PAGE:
Range test: How far can electric cars really go?
We tested them in cold weather earlier this year, but now the heat is on to find out how close electric cars can get to their official ranges in near-ideal summer conditions...
Twice a year (in the height of summer and the depths of winter) we put a selection of electric cars (EVs) through a ‘drive ’em till they die’ endurance test. The aim? To find out how far they can really go on a full charge and to see how efficiently they use the electricity stored in their batteries.
Some of the cars in this latest test (which took place in August), such as the MG 4, Genesis GV60 and Volkswagen ID Buzz, have taken part before – but there are plenty of newcomers, too, including the BYD Atto 3, Mercedes EQE and Smart #1. We’ve also got two versions of the Tesla Model 3 – an entry-level RWD and a higher-spec Long Range – to find out if it’s really worth paying extra for a bigger-battery version of an EV.
And for those who are in the market for a used EV, we also included a 10-year-old BMW i3 with 41,000 miles on the clock and a six-year-old Renault Zoe (with 33,000 miles) to see how they stack up today – models you can pick up on the second-hand market for as little as £8000.
Read more: Complete list of real-world EV ranges
How we test real-world EV ranges
For obvious reasons, it wouldn’t be safe to deliberately run EVs out of charge on the public road, so we always use our test track in Bedfordshire.
We follow a relatively simple test route of roughly 15 miles, which includes 2.6 miles of simulated stop-start urban driving, four miles at a steady 50mph and eight miles at a constant 70mph. The rationale for the high percentage of high-speed cruising is that drivers who want to travel long distances in one hit are likely to be using the motorway network.
The 12 cars were charged to 100% and then left out in the open overnight – for roughly 14 hours in 18-23deg C ambient conditions. The following morning, they were all plugged in again to check they were fully charged before the climate control was set to 21deg and the headlights switched to auto.
The Eco (or the closest equivalent) driving mode was selected, apart from on the Zoe, because doing so limits its top speed to 60mph. The cars were left in their default regenerative braking setting – or if an ‘automatic’ or ‘adaptive’ mode was available, this was selected.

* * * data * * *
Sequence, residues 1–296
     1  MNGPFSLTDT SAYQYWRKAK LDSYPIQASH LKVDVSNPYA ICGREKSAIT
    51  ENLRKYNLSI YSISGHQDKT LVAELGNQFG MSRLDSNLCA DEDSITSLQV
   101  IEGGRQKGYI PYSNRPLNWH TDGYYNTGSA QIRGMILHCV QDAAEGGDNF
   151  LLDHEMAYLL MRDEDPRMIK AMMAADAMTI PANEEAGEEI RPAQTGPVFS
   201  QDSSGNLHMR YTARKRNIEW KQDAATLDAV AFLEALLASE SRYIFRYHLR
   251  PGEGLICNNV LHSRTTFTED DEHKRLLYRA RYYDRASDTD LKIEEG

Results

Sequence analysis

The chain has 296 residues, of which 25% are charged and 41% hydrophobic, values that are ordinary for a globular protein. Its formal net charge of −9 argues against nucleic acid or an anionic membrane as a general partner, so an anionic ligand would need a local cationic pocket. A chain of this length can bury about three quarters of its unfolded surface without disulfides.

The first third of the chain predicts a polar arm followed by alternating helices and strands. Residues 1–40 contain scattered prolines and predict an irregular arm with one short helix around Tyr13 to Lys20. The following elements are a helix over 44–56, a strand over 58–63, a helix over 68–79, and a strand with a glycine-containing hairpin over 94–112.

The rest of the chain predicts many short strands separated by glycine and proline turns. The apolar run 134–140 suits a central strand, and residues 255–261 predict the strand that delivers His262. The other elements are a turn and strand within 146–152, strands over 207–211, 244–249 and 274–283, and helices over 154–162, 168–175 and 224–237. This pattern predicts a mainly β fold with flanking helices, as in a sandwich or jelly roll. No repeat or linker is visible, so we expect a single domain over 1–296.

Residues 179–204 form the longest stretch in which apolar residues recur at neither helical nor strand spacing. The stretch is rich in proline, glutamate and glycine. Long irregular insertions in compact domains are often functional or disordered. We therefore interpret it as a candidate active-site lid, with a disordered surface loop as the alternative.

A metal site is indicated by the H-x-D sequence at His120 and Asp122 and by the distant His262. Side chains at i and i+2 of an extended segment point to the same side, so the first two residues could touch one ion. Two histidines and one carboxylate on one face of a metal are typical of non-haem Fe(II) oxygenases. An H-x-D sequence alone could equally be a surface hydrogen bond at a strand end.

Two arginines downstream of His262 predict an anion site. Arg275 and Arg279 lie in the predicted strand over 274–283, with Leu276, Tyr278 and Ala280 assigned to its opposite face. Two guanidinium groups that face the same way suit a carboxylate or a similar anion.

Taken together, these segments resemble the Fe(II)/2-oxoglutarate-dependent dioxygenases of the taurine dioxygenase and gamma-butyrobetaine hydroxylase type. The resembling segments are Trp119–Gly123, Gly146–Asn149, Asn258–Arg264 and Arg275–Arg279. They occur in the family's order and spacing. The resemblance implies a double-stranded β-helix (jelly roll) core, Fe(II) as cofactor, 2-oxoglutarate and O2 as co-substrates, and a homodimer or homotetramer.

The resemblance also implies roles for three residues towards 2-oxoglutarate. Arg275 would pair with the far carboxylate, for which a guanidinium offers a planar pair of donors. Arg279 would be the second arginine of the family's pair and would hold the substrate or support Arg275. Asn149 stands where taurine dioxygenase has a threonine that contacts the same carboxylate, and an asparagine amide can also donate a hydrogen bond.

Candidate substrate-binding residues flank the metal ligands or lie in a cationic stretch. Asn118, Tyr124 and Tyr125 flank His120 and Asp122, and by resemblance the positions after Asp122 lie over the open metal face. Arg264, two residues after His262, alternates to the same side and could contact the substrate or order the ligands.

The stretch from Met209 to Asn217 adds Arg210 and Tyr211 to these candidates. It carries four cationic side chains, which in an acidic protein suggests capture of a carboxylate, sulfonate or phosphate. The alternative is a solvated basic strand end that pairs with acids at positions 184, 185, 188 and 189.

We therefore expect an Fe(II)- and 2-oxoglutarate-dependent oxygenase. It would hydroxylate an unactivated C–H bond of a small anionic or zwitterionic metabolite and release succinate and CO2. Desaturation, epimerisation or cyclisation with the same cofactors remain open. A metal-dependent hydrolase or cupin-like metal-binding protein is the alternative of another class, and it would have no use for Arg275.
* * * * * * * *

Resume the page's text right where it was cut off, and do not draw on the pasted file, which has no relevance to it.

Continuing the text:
The cars were then driven repeatedly around our test route in convoy, with driver changes and a switch in running order at the end of each lap. It was a relatively muggy day and the air temperature during testing ranged from 24deg to 27deg C. That warm temperature was good for battery performance, although it meant the air-con systems in all of the cars were running continuously to cool the interiors.
The EVs with the shortest ranges
Unsurprisingly, the 10-year-old i3 ground to a halt first. It managed just 64 miles – not even enough to get you from London to Portsmouth without charging – and shows just how far EVs have come on in the past decade. Granted, the i3 would have gone slightly farther when brand new (our tests suggested the battery was at around 85% of its original capacity), although we’re talking about only an extra 10 miles or so.
On the plus side, efficiency was relatively impressive at roughly 4.0 miles per kilowatt hour (kWh) – no doubt because the i3’s small battery means it’s a relatively light car by EV standards. Even so, its range is so limited that it’s only really worth considering as a second or third car for local trips.
You’re probably assuming the 2017 Zoe conked out next, but that wasn’t the case, surprisingly. The Abarth 500e, which, despite being a brand new, near-£40k EV, actually has a comparatively small, 37.8kWh battery. It managed just 138 miles (compared with its 157-mile official range) and displayed disappointing efficiency of 3.6 miles/kWh.
The Zoe was third to fall, though. Its 145-mile range still stacks up well compared with many new small EVs, including the Fiat 500, Honda E and Mini Electric. It’s also worth bearing in mind that the latest-generation Zoe EV50 has a larger, 52kWh battery and, in our 2021 summer range test, managed 208 miles on a full charge.
Our tests suggested the used Zoe’s battery was at roughly 95% of its original capacity, so it might have managed another eight miles or so when brand new. Less impressive, though, was its efficiency of around 3.7 miles/kWh.
Our remaining seven contenders all managed at least another 70 miles, before the Atto 3 finally gave up the ghost after 215 miles. On one hand, that mileage will be plenty for many EV buyers; on the other, the Atto 3 was the farthest adrift of its official range, missing the target by 17.3%. Its efficiency of 3.6 miles/kWh was nothing to write home about, either.